Any Chinese purchases of euro-region debt to date haven’t produced a lasting cut in yield premiums for Greece, Portugal or Spain.
The extra yield investors demand to buy Greek 10-year debt over German bunds is about 23 percentage points, up from 14 percentage points three months ago. The equivalent spread for Portugal over Germany is 9.5 percentage points, up from 7.7 points over that period. Spain’s gap rose to 3.6 points from 2.5 points.
“The issue with Europe is bigger than China alone can help with,” said Ju Wang, a fixed-income strategist at Barclays Capital in Singapore, adding that Italy’s debt load alone is a sum exceeding half the Chinese foreign-exchange reserves. “China probably will continue to help to shore up the euro, but its involvement in direct purchases of troubled Europe debt is unlikely to be too aggressive.”
If Italy “falls” it may drag down Europe, the world and China’s economy, said Zhang, a researcher at the Institute of Foreign Economic Research affiliated to the National Development and Reform Commission.
Japanese Finance Minister Jun Azumi said today that European policy makers should decide themselves whether they need fiscal assistance from Japan. U.S. Treasury Secretary Timothy F. Geithner will travel to Poland on Sept. 16 to participate in a meeting of European government finance officials trying to contain the region’s debt crisis.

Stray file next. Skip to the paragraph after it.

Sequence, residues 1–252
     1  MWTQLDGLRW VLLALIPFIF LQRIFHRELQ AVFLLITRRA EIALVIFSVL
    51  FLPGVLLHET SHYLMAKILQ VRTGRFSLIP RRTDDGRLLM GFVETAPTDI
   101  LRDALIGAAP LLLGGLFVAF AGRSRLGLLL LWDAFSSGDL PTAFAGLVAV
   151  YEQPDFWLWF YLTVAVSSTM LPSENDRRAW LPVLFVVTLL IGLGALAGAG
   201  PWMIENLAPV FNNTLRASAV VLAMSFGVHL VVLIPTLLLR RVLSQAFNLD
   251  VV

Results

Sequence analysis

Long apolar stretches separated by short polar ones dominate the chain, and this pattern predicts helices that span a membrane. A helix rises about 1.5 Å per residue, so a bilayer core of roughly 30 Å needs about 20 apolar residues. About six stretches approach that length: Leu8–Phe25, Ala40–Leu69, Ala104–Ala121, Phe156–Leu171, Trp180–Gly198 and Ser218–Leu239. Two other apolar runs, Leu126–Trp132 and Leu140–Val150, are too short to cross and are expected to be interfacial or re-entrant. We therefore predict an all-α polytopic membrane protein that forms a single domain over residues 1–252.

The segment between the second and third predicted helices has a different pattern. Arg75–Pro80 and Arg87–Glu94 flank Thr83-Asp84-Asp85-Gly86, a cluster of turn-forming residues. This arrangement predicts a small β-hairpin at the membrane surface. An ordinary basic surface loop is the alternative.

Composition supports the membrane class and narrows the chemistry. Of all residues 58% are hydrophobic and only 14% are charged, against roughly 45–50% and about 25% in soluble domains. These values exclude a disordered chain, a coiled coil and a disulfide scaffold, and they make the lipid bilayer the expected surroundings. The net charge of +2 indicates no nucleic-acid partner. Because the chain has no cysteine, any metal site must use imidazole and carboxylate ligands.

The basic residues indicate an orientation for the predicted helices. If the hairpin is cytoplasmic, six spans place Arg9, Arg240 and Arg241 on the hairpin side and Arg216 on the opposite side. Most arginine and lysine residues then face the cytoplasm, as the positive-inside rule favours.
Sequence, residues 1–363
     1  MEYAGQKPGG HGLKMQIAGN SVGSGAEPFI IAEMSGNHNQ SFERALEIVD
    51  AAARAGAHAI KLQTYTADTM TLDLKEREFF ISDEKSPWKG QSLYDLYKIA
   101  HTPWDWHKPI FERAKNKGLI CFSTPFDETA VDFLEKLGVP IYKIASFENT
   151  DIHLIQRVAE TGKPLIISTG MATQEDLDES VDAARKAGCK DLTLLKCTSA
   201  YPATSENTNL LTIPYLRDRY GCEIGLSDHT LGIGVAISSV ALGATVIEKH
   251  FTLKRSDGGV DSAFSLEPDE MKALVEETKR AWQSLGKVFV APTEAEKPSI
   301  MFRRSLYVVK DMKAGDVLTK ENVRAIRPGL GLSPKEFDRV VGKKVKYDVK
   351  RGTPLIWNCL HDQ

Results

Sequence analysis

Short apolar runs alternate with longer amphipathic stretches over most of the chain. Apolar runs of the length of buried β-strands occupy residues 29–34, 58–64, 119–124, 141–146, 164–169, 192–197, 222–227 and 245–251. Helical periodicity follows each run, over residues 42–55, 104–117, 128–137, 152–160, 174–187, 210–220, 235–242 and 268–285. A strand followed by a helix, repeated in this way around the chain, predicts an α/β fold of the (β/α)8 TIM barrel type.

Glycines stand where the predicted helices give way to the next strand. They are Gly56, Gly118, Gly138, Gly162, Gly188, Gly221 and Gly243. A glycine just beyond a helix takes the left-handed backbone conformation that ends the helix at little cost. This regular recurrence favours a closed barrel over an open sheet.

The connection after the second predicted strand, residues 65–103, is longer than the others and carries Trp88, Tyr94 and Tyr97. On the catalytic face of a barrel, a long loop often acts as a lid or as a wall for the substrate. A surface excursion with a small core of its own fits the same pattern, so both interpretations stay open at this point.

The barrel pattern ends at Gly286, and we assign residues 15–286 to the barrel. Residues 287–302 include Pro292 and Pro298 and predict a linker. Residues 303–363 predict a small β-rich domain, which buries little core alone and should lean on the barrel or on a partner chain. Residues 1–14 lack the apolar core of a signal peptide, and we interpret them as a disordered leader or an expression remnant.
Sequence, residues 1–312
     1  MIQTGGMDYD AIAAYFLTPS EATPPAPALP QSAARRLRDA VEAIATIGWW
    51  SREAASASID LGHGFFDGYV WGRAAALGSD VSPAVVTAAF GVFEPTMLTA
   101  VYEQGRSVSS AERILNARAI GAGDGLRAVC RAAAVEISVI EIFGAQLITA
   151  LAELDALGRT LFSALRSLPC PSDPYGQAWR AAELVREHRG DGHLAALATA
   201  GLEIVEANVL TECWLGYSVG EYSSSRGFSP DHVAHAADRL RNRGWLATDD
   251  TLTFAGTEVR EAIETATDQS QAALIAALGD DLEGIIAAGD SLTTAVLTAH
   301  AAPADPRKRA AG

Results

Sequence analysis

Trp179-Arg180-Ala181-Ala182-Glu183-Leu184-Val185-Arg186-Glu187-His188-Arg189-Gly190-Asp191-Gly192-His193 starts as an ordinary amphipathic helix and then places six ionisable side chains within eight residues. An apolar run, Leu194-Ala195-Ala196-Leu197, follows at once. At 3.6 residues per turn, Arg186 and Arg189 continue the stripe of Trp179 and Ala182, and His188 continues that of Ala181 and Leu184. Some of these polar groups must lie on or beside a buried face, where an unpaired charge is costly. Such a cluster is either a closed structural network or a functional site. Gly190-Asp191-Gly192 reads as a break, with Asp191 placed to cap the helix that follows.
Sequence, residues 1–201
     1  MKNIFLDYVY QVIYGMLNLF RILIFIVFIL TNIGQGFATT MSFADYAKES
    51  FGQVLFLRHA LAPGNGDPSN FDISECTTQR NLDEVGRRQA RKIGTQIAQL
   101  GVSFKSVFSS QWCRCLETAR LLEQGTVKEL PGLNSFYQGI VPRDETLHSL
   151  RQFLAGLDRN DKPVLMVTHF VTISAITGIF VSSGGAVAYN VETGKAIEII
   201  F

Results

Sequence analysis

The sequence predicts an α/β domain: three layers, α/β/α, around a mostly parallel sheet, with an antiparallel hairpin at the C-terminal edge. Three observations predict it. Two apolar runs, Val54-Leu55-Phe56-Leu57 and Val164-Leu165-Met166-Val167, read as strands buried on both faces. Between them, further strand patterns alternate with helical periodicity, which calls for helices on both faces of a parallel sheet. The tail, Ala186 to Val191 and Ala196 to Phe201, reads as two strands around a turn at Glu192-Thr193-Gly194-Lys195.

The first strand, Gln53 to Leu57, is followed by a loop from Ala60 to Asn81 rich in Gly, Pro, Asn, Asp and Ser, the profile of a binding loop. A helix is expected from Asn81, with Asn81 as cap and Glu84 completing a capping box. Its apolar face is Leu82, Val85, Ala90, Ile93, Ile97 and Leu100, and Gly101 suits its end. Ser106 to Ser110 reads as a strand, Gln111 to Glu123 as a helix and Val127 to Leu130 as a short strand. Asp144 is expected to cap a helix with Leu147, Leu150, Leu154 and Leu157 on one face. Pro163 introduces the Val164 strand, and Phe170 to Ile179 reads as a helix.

Premier Wen Jiabao said in June that China can offer “a helping hand” to Europe by buying a limited volume of sovereign bonds. The Asian nation pledged that month to buy Hungarian government bonds and agreed to extend a 1 billion euro loan for the financing of development projects in the European country that needed an International Monetary Fund-led bailout in 2008.
Spain’s prime minister secured a Chinese pledge to invest in his nation’s faltering savings banks and in government debt on an April visit to Beijing.
In October, Wen said China will buy Greek bonds to support Greece’s shipping industry, while Chinese state-run banks agreed to $267.8 million in loans to three Greek shippers. President Hu Jintao visited Portugal in November and said China is “available to support, through concrete measures, Portuguese efforts to face the impacts caused by the international financial crisis.”